Bulletin Staff Report

Brownwood Middle School added a new sport to its arsenal earlier this week as the first National Archery in School Program (NASP) tournament took place on Wednesday.

The NASP began in 2002 with a pilot of 22 Kentucky schools. The three-year goal of the program was to get 100 schools throughout the nation involved. That objective was achieved in only one year. As of a year ago, 3,751 schools across 42 states were teaching NASP in their physical education programs.

Texas began the program in 2004 and by January of 2006 there were 222 trained educators. Among those are Brownwood Middle School coach Judy Kennedy and coach Brandon Brown also of the Brownwood Intermediate School. The two instructors taught the program all year as part of their PE curriculum. The students’ enjoyment of archery led to the tournament that was held earlier in the week.

Twenty students from Kennedy’s seventh and eighth grade classes competed against 20 students from Brown’s sixth grade class.

The coaches were aided in putting the tournament together by local resident and professional archer Rhonda Calhoun, along with her husband Mark. Archery coach Gene Curry, along with volunteers Jimmy Mitchell, Jimmy Fisher, John Waldon and Edward Yantis, also helped organize the event. Each student fired 15 arrows at a target 10 meters away. The two students that tallied the highest score in each grade were awarded medals. The winning school was awarded a trophy and all 40 students left with certificates of achievement.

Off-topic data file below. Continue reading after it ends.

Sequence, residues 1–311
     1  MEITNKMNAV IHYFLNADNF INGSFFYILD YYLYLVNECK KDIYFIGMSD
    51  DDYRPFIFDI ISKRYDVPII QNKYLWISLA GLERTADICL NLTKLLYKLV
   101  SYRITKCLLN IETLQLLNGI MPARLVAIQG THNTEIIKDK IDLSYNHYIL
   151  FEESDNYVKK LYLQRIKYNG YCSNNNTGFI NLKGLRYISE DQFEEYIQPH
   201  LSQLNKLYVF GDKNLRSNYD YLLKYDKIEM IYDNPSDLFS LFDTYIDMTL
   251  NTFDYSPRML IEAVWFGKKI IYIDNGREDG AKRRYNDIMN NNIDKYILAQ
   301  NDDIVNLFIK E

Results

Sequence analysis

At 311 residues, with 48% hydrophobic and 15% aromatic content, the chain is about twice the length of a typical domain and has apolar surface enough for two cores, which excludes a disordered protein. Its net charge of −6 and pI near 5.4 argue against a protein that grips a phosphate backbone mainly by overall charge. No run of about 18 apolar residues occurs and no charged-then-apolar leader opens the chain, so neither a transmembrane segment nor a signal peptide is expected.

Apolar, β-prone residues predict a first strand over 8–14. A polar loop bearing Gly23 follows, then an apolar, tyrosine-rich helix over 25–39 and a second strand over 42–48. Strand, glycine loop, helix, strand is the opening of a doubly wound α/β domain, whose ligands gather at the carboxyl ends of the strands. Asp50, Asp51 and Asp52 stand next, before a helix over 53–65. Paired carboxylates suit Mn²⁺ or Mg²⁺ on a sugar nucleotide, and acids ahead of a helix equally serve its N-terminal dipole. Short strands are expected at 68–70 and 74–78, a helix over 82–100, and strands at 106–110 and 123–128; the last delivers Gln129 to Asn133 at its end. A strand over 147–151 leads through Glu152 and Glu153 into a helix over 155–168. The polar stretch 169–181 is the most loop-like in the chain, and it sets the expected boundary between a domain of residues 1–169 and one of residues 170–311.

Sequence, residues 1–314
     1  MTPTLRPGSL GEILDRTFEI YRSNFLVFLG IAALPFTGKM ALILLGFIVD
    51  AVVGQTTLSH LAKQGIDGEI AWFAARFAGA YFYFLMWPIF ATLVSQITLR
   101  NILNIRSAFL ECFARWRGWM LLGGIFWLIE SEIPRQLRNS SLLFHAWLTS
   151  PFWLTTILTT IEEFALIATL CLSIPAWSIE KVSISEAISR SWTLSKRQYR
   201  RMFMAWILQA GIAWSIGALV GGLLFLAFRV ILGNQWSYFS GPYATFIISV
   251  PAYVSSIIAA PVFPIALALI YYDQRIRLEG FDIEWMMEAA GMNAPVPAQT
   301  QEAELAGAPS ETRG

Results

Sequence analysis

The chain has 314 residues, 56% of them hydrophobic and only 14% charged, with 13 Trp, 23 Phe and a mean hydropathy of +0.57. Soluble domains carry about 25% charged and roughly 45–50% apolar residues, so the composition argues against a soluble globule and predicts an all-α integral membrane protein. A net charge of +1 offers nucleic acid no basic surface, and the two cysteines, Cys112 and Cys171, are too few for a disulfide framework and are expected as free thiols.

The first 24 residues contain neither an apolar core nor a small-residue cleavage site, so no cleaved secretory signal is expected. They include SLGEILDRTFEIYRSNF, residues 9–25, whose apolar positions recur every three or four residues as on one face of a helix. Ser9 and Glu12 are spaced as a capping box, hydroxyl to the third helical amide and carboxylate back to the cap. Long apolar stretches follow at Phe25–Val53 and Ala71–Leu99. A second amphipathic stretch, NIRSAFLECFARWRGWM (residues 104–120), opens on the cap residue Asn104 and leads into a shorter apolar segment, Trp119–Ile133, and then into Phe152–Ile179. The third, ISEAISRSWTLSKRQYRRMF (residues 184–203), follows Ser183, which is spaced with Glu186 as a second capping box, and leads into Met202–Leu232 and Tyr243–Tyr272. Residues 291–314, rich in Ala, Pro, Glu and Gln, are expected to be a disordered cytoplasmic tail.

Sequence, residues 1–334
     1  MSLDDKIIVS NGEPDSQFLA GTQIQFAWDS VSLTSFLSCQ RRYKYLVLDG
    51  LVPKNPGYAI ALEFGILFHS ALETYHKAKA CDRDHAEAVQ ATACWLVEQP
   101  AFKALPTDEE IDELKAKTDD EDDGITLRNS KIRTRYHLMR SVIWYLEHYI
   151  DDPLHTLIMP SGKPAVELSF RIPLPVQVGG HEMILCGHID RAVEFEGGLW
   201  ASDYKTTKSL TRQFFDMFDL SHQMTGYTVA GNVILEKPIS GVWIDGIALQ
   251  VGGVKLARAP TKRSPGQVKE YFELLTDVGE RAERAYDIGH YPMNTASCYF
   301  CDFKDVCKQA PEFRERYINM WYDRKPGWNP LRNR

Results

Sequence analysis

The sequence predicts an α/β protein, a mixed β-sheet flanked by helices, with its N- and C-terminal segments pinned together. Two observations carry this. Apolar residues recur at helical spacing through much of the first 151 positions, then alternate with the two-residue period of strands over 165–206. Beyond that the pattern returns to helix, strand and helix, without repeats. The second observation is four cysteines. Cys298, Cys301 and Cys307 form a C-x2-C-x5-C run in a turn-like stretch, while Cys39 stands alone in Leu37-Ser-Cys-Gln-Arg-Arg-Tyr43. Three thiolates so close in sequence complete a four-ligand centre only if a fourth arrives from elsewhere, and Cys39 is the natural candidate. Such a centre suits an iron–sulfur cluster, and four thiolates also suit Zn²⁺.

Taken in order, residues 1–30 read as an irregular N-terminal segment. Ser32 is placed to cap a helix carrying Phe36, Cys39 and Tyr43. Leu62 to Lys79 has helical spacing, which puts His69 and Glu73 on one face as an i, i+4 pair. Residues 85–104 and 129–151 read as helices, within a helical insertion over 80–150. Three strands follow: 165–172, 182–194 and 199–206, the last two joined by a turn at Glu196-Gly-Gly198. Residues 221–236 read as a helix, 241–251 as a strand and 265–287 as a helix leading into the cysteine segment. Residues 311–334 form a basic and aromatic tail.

The intermediate school won the team championship with a total of 2,088 points. Listed are the top four individual point totals from each grade:

• Sixth grade: Kye Healer, 129; Dylan Lewis, 126; Bradley Durand, 125; Kyle Steel, 120.

• Seventh grade: Raven Craine, 132; Ruben Villarreal, 121; Mario Vela, 115; A.J. Bean, 100.

• Eighth grade: Edmond Nunez, 134; Jeff Jackson, 119; Dora Reeves, 119; Troy Eaton, 118.

“The goal is not just to compete, but for the kids to connect in an activity for success that teaches them about safety, respect, discipline and character development, along with gaining self esteem and confidence within themselves,” Rhonda Calhoun said. “We’re looking for a higher level of participation with local schools to get this great sport recognized and started in schools.”